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Finding a Missing Link in Design – Guest Blogger: Mary Martin

July 20, 2016

I’ve been trying to understand design for over forty years, beginning in my later twenties when I got interested in creative stitchery in the “pretty-much-anything-goes” 1970s, a time when one could get away with not knowing very much about good design and still have a fair degree of commercial success. I learned a thing or two, here and there, but never felt as if I had found quite the answers I sought.  I seemed, in my creative work, that I was trying to build a house, but in the absence of a firm foundation. There was a significant empty space in my store of knowledge, something I couldn’t identify or name, but clearly an important missing piece.  The carrot that led me onward was the prospect, in retirement, of being able to devote as much time as I chose in creative pursuits, applying what I had learned over the years in hopes that I would discover I had learned what it was I had been seeking.

A few years into retirement, a dear friend encouraged me to take a five-day experimental machine stitchery class from Gail Harker, which has led to four hugely enriching years of study.  Gail’s extraordinary ability to recognize where a student is in an individual continuum of creative development, and help each of us develop our own pathway to fulfillment, has resulted in me, finally, not only identifying and naming what I sought in terms of understanding design, but also to practice it.  Under her tutelage, I realized that the missing tool in my toolbox was not any of the formal rules, elements, and principles of design, but the nature of the process of transforming inspiration into an object.  I learned that good design can come from anywhere – the colors of cloud reflections on the water at sunset, the pattern of cracks in dried mud, the shape and paths of water droplets on a window, the unexpected contours of the shadow of measuring spoons resting on a cutting board, the balance of the spaces between the letters on a license plate.  I finally understand that good design is not just creating or reproducing a realistic representation of my source of inspiration.  I can take selected details from what caught my eye, put those details together into a satisfying composition using the basic design concepts we’ve explored, and come up with something totally my own that contains but doesn’t need to copy my inspirational source. It’s like letting the air out of a balloon.  All that creative energy that has been so tightly contained for so long by uncertainty, wanting to do it “right,” and not understanding that there is no ONE right way, is released to expand infinitely.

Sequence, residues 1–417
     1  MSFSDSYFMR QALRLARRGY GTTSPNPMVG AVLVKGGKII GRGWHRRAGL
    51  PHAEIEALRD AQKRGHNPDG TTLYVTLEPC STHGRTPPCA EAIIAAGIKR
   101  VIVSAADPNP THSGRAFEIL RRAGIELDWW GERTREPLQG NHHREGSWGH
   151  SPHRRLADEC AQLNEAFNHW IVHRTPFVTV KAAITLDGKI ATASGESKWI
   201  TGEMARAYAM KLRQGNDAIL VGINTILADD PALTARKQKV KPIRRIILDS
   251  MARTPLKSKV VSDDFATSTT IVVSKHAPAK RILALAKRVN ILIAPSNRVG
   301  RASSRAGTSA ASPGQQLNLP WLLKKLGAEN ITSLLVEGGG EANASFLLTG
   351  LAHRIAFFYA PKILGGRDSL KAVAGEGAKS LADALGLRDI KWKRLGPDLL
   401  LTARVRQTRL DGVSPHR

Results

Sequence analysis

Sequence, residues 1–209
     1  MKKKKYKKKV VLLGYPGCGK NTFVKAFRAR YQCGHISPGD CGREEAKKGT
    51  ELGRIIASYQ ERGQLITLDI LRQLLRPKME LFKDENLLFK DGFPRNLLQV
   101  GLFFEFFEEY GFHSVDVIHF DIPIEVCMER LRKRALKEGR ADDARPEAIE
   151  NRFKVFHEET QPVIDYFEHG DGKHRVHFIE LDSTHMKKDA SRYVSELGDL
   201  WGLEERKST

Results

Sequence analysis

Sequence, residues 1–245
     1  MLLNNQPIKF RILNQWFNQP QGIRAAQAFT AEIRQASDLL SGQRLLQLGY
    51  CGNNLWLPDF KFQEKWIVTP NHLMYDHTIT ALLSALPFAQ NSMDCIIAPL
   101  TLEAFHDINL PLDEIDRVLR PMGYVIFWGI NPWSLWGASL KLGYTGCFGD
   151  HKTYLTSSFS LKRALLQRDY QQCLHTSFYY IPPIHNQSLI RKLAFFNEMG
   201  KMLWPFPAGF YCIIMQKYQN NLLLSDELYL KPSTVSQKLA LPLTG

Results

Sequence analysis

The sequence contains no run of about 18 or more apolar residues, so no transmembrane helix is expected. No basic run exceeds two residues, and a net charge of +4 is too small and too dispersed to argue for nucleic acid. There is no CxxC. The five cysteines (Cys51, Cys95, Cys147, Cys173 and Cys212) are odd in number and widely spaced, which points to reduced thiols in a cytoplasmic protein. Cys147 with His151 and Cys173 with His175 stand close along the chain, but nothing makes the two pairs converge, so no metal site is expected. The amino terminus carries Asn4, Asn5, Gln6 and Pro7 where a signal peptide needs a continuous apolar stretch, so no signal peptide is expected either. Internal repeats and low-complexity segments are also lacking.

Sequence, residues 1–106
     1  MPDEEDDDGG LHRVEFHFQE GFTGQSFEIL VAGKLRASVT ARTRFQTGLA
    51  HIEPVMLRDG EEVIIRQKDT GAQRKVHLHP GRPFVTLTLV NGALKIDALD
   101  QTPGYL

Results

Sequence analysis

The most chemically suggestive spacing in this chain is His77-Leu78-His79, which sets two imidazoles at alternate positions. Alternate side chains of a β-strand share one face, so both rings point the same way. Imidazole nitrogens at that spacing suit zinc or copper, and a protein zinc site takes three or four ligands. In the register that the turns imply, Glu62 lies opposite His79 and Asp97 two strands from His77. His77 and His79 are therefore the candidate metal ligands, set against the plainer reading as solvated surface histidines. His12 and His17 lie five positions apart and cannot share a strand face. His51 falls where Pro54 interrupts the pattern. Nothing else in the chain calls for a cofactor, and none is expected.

Finally, I can LIVE “What if. . .?”             Mary Martin

Click on the link   Level 3 Studies in Art and Design Exhibit: to read about the upcoming exhibit on Aug. 13th and 14th.    Mary and the rest of her group – the Lantana will be displaying their design work.

Level 3 Studies in Art and Design Exhibit:  Click on the link to read about the upcoming exhibit on Aug. 13th and 14th.    Mary and the rest of her group – the Lantana will be showing their design work.


One Comment leave one →
  1. July 21, 2016 12:30 am

    Beautifully expressed, and I share your delight!

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